The news this week that councils are set to use people’s data to create predictive models to detect child abuse has caused a stir, but councils in London have been piloting predictive analysis models across their child protection services for the last three years. And it’s not just councils – the NHS and the Department for Work and Pensions have been using them for some time.
A September 2017 article in Apolitical, describes how councils in London have been using data analytics to try to identify children at risk of harm since 2015, something The Guardian missed this week when it covered the issue. It also suggests that the predictive model used in one council had an 80% success rate, though it’s not clear from the article exactly how success rates were measured. What’s interesting about this article is that it highlights the financial advantages to councils, of using data in this way. The article tells us:
“Councils are expected to save over $910,000 for early targeted interventions, $160,000 by replacing human-conducted screenings with an automated system, and $193,000 for improving access to multi-agency data.”
The article says that the company responsible for creating this predictive model is called Xantura, and their pilot inside the child protection sector has been running since 2015. The cost of the software is an eye watering $1.25 million, and was launched in January 2015.
According to the article, councils using Xantura’s software have been slow to trust the model, which is not completely effective, or accurate, though social work teams may be more concerned about the threat the software poses to jobs inside the sector. The fact that councils will have to pay for the software out of their own budgets, has made uptake on the model slow, too.
Xantura is adamant that their software will save councils money in the long run, and some local authorities are getting on board as a result. Our favourite quote from the article comes from Steve Liddicott, Interim Assistant Director of Children and Young People’s Services at the London Borough of Hackney, who says:
“You actually don’t have to prevent that many children from going into care to make quite a significant saving.”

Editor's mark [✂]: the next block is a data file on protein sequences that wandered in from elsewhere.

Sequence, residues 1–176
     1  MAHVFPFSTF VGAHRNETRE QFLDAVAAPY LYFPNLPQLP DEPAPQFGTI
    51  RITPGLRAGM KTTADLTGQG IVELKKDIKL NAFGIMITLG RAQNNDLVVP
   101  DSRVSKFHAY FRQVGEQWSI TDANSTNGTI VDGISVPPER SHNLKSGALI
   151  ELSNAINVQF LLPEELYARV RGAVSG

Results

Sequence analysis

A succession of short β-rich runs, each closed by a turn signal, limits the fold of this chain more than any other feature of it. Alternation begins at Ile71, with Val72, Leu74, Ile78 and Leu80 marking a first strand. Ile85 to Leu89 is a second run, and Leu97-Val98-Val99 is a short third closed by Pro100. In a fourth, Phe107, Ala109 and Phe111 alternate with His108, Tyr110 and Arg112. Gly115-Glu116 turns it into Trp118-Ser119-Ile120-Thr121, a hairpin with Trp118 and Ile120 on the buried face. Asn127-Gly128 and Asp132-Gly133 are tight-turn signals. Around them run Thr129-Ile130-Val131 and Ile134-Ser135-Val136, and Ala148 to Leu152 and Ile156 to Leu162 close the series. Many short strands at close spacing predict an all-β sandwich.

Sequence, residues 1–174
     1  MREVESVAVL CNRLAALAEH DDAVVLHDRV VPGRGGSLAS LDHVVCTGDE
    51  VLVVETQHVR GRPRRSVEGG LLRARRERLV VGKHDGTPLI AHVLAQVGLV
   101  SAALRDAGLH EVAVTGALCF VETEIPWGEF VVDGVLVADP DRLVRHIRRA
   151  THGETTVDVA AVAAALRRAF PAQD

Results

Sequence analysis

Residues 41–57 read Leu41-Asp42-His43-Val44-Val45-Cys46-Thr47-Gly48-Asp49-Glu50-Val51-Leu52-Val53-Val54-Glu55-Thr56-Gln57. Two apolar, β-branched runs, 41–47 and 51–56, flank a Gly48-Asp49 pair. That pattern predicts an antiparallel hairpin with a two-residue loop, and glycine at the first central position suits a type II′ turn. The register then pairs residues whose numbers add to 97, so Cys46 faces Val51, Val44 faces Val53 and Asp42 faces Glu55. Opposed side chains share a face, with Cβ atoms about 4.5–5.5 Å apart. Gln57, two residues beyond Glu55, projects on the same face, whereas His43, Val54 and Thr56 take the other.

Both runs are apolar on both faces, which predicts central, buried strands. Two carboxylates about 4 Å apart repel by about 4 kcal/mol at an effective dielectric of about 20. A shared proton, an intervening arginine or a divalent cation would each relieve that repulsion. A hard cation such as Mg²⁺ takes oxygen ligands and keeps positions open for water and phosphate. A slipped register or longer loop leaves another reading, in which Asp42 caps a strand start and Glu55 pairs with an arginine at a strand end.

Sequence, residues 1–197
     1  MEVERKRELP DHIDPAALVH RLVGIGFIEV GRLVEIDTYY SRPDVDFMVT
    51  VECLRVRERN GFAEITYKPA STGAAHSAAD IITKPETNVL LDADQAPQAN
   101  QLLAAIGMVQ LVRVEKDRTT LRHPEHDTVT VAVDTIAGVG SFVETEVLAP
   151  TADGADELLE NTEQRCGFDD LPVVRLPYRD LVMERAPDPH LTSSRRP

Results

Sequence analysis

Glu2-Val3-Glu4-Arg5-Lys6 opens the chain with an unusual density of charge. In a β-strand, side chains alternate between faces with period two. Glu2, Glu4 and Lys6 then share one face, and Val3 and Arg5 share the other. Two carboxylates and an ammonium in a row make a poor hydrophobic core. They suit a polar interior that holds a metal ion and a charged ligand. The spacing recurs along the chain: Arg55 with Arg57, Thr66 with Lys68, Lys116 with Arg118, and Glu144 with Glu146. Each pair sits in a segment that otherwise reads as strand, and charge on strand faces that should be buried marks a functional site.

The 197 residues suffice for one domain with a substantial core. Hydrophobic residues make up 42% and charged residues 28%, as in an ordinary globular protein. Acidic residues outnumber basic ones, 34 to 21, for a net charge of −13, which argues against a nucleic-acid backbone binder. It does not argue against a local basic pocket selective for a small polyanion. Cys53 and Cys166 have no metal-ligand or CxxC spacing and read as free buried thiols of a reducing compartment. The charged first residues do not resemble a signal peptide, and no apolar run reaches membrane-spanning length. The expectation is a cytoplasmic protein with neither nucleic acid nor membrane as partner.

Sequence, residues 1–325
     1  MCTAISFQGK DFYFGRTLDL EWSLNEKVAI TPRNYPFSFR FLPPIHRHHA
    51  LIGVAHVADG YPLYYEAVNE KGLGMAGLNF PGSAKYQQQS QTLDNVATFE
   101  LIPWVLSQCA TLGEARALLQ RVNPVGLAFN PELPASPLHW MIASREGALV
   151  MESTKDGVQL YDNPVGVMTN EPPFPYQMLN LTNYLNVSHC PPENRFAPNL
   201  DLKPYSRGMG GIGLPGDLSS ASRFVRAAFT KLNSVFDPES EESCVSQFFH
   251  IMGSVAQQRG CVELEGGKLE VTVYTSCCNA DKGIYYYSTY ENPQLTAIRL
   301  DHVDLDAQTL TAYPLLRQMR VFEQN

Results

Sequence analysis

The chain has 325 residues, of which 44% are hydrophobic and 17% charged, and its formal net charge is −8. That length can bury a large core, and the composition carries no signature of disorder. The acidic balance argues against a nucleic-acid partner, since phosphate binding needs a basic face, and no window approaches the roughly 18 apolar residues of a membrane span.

According to Apolitical, Xantura’s “Early Help Profiling System” (EHPS) uses stats from multiple agencies, including information about school attendance and attainment, families’ housing situations, as well as economic indicators. The model then takes those stats and turns them into ‘risk profiles’ for each family.
But here’s the thing. We know that doesn’t work. Remember the Troubled Families Programme? The one where a whistleblower blew the lid on the project, exposing it’s fraudulent activity, which included using stale data to assess families, and massaging the figures to engineer outcomes so that the team involved could cover up the programme’s failure and make it look like a success? They used big data, too.
The software the team used was Clear Core, and it was developed by a company called Infoshare. And that was as long ago as 2013.
While we are not against the use of technology when it is accurate and effective, the government’s drive to use predictive analytics inside the child protection sector, knowing these models do not deliver robust results, makes the software’s predictions highly dangerous, and the government vulnerable to costly litigation.
Is the answer better technology, or can big data never capture the human condition fully enough to make accurate predictions? We don’t know, but for those of you interested in this area, we’ve added some more information below:
Children At Risk: How different are children on Child Abuse Registers?
This is a piece of research from 1991, produced by Mark Campbell. It looks at whether a checklist with 118 items on it was able to identify children at risk of abuse and neglect. The checklist was applied to 25 different families, who were attending local authority centres at the time. Of those families, nine had children on the local child abuse register. The checklist scores of the families on the register were compared with those that were not, in the control group.
The research discovered something fascinating. There was little difference in the factors studied between the two groups. Mark concluded that this could have been down to one of two reasons:
- Either there was little real difference between the characteristics of abusing and non-abusing families, or;
- The process of registration was controlled by a series of events which were not solely related to the characteristics of the families in the control group.
This research deserves to be included in the discussion, as it represents the beginnings of data collection for predictive purposes in this area.
We have written before, about the risks involved in using big data and technology as it stands today. In April 2015, we shared our concerns over New Zealand’s plans to use data to try to create predictive models for child abuse. The lack of sophistication in these processes at the moment means that families could be exposed to predictive models that stereotype individuals and create unhelpful biases which could lead to large scale errors. We also mentioned another article, which was published by WIRED in January, 2018, called “A Child Abuse Prediction Model Fails Poor Families”, and is noteworthy for the way in which it talks about how this kind of software can automate inequality.
As always, these fights are never fair, or clean. In an ideal world, debate around the rights and wrongs of predictive machinery inside the child protection sector would be done only by those who are truly independent, but it’s easy to spot the conflicts of interest if you look hard enough. We’ll let you decide about this lot.